The numbers between departments also vary. Some have one, others have whole teams. Some double up the speechwriting role with being a private secretary to a minister. Others have experimented with relatively new approaches that merge functions together. For example, in the Department for Work and Pensions, alongside my speechwriting duties, I also head up a team of communication officers who provide dedicated support to ministers on briefing and communications.
Increasingly, speechwriters are diversifying and becoming generalist copywriters too, alongside writing speeches. They are turning their hand to writing and editing key departmental products that require strong, compelling prose, such as green papers or annual reports. In the past, I have known of departments commissioning external copywriters to do this. Departments are increasingly looking in-house to the existing talent of their speechwriters.
I like the sound of this. How do I become a speechwriter?
No formal qualifications are required. A flair for writing, an interest in politics and public affairs are important, as is emotional intelligence and the ability to completely absorb the language and tone of another person. I have acted in the past, so being able to become someone else is a real advantage! Resilience and a thick skin are also needed to withstand the never-ending deadlines and pressure that are brought to bear on a speechwriter.
In terms of training, there are some excellent short courses out there for aspiring speechwriters. One of the best is a course run out of the Groucho Club in Soho by ex-Whitehall speechwriter Simon Lancaster, who now writes speeches for some of the world’s top CEOs. Simon has also written a book on writing speeches, Speechwriting: The Expert Guide. It is my bible. Whilst it is hard to teach someone how to write well (in my view it is something innate that comes from deep within), there are rules and recipes you can follow to ensure a speech is as good as it can be. I’d recommend it as a good read for anyone wanting to make their writing have more impact.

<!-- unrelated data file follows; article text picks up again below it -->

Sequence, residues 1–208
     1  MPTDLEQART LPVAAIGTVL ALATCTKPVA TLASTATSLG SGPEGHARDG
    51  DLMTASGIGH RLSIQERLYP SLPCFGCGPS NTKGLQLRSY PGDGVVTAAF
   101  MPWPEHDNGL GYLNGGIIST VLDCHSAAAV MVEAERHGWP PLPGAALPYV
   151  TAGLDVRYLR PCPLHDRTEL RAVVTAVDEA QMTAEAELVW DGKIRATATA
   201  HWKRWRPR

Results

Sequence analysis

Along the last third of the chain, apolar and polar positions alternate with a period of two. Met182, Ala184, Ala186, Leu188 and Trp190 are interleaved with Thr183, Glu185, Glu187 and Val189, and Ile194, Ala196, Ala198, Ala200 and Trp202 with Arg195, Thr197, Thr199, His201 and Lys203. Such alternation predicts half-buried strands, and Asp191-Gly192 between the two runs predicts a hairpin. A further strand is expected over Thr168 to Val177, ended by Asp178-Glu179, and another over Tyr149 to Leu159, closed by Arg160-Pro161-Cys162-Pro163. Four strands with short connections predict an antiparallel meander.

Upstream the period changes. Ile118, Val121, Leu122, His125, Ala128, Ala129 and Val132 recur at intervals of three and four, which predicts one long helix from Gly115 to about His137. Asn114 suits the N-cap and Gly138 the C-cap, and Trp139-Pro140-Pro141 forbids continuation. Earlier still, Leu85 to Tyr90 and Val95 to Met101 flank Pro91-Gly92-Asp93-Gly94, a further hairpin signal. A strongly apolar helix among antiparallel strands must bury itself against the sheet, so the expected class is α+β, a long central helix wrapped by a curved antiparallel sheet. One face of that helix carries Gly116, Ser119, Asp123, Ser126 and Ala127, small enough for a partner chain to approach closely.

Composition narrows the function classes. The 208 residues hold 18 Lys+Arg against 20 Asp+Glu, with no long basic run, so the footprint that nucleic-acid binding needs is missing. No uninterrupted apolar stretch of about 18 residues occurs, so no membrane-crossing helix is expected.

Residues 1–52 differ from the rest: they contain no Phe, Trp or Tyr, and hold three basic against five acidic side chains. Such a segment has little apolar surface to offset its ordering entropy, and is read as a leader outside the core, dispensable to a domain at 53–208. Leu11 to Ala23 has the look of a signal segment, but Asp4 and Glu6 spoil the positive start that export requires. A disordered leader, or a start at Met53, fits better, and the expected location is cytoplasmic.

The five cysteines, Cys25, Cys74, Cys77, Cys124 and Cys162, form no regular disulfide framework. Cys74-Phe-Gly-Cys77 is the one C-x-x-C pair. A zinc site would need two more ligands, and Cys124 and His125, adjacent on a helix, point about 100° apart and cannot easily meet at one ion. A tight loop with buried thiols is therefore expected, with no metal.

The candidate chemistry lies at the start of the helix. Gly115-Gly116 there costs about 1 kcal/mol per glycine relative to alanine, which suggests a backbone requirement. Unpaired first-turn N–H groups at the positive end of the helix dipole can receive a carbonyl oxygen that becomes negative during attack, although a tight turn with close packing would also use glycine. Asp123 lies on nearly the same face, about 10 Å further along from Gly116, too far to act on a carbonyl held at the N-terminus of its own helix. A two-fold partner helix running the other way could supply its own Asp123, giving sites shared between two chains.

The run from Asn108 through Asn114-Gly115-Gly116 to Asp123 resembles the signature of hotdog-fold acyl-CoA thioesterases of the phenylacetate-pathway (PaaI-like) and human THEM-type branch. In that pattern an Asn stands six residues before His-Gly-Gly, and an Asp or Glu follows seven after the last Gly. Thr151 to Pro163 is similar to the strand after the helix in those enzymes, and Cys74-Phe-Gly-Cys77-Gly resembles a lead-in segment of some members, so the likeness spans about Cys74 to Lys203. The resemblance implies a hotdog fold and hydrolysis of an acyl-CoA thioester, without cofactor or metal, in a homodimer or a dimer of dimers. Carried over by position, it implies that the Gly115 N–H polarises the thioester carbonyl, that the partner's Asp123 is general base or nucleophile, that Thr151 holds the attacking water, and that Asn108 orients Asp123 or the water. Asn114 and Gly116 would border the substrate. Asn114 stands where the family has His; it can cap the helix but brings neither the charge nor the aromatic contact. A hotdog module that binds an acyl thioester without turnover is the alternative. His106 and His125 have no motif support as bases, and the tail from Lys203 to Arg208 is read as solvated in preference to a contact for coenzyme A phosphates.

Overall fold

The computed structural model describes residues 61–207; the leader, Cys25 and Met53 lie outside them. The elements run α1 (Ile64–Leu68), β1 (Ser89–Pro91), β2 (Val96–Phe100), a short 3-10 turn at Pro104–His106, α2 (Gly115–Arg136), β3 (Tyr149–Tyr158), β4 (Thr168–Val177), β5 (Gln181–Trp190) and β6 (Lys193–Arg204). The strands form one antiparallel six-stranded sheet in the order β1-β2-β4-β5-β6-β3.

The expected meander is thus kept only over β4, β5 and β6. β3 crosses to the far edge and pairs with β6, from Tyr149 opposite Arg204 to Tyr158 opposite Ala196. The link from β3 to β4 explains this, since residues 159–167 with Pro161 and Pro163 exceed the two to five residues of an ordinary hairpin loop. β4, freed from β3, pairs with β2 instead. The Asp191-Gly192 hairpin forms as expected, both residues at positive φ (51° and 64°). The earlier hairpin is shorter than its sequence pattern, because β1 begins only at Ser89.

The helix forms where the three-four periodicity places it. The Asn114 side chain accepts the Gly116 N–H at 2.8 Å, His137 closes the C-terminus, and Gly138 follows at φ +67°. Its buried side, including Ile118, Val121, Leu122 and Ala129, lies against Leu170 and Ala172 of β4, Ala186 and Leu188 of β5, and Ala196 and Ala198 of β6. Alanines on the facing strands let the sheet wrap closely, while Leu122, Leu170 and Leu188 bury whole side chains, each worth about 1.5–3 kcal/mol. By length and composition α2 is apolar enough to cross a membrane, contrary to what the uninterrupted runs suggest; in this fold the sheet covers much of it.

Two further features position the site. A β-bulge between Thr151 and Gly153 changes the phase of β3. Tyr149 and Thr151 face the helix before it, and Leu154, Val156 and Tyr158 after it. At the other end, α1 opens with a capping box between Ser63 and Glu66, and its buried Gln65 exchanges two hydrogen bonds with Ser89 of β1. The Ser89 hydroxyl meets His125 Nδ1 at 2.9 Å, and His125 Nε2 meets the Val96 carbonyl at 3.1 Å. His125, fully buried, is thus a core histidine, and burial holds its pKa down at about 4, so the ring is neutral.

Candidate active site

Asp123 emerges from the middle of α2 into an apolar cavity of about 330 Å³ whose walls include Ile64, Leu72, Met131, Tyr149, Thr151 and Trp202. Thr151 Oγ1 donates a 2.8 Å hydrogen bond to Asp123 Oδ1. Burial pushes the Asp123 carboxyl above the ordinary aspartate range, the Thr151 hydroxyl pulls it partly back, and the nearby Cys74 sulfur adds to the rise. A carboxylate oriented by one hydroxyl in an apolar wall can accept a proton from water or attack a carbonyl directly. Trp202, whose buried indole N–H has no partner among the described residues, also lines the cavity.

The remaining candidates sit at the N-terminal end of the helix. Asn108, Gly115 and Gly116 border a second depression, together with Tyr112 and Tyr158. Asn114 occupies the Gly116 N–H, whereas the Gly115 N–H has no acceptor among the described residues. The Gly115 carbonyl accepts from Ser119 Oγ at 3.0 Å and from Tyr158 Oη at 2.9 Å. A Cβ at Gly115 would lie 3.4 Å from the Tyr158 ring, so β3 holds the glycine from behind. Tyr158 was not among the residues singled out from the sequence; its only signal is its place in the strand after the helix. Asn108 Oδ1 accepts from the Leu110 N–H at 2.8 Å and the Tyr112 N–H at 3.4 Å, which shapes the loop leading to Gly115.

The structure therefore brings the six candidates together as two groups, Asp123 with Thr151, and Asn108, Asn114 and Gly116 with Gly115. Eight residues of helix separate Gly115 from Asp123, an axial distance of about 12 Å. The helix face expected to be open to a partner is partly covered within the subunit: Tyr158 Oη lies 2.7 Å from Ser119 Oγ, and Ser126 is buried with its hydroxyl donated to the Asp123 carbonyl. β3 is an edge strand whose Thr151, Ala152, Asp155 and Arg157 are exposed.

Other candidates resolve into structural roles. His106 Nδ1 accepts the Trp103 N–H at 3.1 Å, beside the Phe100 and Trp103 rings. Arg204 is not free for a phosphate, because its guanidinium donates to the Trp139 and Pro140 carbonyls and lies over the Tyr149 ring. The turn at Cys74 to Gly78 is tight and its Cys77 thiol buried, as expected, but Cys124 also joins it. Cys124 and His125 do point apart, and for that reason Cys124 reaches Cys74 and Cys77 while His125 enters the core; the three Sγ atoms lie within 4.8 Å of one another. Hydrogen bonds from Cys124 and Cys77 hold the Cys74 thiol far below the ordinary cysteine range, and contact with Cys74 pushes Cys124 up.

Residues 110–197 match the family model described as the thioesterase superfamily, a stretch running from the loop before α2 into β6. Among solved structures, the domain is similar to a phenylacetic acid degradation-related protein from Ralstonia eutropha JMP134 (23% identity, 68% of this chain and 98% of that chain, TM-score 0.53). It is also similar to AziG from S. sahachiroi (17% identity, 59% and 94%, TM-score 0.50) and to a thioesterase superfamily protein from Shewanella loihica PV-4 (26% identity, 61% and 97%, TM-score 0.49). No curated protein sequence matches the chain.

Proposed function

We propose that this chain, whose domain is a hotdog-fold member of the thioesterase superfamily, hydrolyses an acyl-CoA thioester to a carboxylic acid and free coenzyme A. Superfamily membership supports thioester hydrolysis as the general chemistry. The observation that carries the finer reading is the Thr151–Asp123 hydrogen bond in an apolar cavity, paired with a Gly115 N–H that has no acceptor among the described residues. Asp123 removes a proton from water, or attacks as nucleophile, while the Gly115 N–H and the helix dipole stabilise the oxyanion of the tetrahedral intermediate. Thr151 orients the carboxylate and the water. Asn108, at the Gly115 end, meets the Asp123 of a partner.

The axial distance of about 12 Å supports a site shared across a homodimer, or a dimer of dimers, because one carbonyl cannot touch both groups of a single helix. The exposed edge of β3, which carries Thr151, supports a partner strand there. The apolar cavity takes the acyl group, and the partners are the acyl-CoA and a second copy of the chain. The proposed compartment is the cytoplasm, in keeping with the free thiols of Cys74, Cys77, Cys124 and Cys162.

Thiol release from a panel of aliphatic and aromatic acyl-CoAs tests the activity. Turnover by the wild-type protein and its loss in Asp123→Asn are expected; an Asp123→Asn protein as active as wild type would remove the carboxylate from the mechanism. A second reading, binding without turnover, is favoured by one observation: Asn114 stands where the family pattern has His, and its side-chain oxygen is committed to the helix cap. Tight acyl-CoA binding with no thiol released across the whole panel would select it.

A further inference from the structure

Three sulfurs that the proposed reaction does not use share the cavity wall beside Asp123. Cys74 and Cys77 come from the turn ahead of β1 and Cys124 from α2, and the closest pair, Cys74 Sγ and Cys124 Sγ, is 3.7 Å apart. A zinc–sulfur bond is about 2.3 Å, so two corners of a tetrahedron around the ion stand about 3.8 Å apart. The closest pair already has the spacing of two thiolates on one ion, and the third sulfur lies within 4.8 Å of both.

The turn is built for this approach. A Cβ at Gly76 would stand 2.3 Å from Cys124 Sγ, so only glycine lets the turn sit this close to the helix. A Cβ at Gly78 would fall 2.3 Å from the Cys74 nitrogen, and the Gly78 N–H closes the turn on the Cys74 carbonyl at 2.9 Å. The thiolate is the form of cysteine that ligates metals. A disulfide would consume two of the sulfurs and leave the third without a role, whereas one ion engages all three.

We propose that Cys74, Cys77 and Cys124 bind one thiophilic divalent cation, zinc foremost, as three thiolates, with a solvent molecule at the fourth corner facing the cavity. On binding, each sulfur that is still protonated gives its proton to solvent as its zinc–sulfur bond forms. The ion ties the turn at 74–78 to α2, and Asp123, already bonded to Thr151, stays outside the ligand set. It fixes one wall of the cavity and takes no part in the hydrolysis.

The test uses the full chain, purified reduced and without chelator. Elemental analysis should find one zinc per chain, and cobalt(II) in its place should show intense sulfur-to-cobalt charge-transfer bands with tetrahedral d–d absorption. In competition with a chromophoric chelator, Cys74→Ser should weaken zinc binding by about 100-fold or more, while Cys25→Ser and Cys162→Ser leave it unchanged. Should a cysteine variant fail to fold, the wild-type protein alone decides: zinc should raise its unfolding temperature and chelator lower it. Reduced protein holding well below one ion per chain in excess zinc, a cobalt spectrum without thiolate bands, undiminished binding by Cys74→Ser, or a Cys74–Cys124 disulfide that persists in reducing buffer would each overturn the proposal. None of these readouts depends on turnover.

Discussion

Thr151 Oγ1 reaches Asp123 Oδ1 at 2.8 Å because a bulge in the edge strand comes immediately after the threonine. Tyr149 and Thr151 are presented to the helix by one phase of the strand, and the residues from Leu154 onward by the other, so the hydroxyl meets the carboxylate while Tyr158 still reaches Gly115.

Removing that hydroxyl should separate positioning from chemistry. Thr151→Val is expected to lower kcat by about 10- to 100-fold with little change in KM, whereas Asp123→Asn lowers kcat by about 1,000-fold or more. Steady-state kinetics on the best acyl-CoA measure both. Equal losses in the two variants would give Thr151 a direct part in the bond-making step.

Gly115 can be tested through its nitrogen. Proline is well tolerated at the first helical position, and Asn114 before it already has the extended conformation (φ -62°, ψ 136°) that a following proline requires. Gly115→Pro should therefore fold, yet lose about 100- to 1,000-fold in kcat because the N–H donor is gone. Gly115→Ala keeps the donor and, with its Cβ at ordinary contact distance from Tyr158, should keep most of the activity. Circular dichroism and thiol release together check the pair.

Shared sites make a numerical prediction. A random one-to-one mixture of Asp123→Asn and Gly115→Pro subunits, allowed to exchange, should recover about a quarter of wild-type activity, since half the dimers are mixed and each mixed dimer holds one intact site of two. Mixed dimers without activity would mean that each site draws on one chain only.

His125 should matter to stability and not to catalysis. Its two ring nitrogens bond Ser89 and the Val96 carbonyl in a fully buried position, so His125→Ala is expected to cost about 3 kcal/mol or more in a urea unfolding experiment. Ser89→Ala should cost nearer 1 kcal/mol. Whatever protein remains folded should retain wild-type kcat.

Speechwriting jobs are like gold dust, but it’s worth sounding out departments about any future positions in the offing and to register your interest. I also run a Whitehall Speechwriters’ Network and we are always happy to talk to budding speechwriters about opportunities. Many of the big companies now count a speechwriter as an essential part of their corporate entourage, so it’s worth looking into those too.
A final word
Speechwriters add enormous value to an organisation. They write with a birds-eye view of the organisation and the wider horizon. They bring perspective, clarity and purpose, cutting through the complexity of policy and making it resonate with the outside world.
Speechwriting is a job of contradictions, but that’s what makes it one of the most interesting, challenging and rewarding jobs in the civil service.